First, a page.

Civil tax evasion and the Contractual Disclosure Facility
In this article we look at a change in HMRC’s approach towards the civil investigation of fraud under the Contractual Disclosure Facility
We explain what to do if you receive a letter from HMRC under Code of Practice 9, which says you are:
- suspected of serious tax fraud
- invited to enter into a contract through something known as the Contractual Disclosure Facility
What is the Contractual Disclosure Facility?
The contractual disclosure facility is an opportunity to tell HMRC about any tax fraud you have been involved in.
It replaces the old Civil Investigation of Fraud procedures.
If HMRC write to you under the Contractual Disclosure Facility it is because they suspect serious tax fraud. Their letter will include
- An offer to enter the Contractual Disclosure Facility – a contract
- A copy of Code of Practice 9
- An acceptance letter
- A denial letter
- A disclosure form
It follows then that under the Contractual Disclosure Facility you have three options:
- Owning up to fraud via the Contractual Disclosure Facility
- Deciding not to own up to fraud – referred to as the denial route
- Not replying to HMRC – referred to as the non co-operation route
If you decide to take advantage of the Contractual Disclosure Facility, remember you are entering a binding contract with HMRC.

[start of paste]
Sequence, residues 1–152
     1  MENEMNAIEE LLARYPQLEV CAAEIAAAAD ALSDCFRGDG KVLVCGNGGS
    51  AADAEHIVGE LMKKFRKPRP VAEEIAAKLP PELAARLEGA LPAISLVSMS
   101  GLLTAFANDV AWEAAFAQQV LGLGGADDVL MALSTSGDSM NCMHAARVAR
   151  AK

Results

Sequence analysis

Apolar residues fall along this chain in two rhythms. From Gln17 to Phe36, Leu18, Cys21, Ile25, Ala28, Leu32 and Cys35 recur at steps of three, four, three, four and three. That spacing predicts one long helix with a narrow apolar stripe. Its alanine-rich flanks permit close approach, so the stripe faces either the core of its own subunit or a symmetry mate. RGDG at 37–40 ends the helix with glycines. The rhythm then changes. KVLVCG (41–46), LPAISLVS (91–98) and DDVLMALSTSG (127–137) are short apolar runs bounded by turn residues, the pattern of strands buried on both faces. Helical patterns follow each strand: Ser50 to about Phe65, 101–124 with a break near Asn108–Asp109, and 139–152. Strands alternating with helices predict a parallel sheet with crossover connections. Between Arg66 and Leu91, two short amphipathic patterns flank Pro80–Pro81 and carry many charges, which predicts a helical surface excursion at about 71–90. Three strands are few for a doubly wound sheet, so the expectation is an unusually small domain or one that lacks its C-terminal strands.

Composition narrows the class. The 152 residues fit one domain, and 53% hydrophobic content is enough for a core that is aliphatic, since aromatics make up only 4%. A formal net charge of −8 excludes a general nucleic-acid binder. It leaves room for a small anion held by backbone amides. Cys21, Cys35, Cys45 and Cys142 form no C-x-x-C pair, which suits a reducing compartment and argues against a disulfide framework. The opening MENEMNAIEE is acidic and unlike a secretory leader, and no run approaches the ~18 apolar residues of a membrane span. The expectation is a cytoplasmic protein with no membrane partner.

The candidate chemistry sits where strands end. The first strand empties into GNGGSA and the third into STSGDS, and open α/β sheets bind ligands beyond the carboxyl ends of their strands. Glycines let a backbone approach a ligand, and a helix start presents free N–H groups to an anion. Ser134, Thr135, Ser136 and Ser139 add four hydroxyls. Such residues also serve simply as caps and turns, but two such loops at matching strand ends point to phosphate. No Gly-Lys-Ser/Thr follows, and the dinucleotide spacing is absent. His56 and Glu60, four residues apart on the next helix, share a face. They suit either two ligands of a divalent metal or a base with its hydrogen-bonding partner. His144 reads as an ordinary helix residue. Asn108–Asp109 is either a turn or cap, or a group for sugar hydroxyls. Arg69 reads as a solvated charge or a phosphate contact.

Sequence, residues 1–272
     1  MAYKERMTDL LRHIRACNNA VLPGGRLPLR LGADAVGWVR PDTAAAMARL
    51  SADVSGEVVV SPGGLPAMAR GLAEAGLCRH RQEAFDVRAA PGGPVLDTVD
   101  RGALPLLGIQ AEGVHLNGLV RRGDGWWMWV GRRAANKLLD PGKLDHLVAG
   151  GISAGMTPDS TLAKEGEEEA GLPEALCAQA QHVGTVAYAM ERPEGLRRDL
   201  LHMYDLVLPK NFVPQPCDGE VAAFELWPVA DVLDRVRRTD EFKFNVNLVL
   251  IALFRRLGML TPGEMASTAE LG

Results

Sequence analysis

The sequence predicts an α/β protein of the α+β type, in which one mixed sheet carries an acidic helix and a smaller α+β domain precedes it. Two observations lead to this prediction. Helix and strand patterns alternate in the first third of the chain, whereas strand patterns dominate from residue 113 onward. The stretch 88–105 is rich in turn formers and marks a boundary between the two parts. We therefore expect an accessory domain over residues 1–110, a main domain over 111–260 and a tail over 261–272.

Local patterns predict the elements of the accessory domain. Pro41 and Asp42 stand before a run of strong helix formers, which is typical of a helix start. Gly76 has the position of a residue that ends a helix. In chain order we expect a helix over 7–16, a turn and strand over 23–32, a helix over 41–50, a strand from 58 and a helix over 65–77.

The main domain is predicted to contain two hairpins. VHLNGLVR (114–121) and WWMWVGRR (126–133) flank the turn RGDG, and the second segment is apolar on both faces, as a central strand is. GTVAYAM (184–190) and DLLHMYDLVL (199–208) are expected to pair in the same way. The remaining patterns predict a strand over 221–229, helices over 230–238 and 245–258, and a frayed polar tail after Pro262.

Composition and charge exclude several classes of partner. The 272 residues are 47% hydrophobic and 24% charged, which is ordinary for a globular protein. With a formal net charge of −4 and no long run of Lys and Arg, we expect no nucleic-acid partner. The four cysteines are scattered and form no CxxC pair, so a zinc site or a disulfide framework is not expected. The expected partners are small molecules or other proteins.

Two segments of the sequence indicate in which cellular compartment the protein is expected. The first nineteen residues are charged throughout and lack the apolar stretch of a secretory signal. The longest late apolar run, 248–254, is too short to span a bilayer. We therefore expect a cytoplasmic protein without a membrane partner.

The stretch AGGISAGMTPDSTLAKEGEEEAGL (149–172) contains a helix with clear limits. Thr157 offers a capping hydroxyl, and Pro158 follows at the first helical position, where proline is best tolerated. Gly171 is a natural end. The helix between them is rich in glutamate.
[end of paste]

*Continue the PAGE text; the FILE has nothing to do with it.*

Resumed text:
Under the terms of the contract HMRC will agree not to criminally investigate and prosecute you.
- Make a full disclosure of all taxes that you have deliberately evaded – known as formal disclosure
- Make this disclosure within 60 days of being offered the contract
- Sign a statement confirming that you have disclosed everything
- Pay all tax, interest and penalties due
- Stop all tax evasion immediately
The denial route
If you decide that you have no case to answer or simply deny any tax fraud. HMRC will work with you and your adviser to confirm that your taxes are up to date.
If irregularities are subsequently discovered you could find yourself subject to a criminal investigation with HMRC citing your denial as a deliberate intention to deceive.
The Non Co-Operation Route
If you do not reply to HMRC within 60 days notifying them of your intention to either accept a contract or deny any tax fraud, they will consider this non co-operation.
HMRC will begin either a civil or criminal investigation into the tax fraud they suspect you of having committed.
If your conduct is considered particularly grievous you could find yourself going to prison.
Voluntarily Disclose Tax Fraud
HMRC do not have to offer you a contract for you to be eligible for the Contractual Disclosure Facility.
If you have any questions regarding the Contractual Disclosure Facility or have received a letter offering you a contract, the you should seek advice from a tax investigation specialist without delay.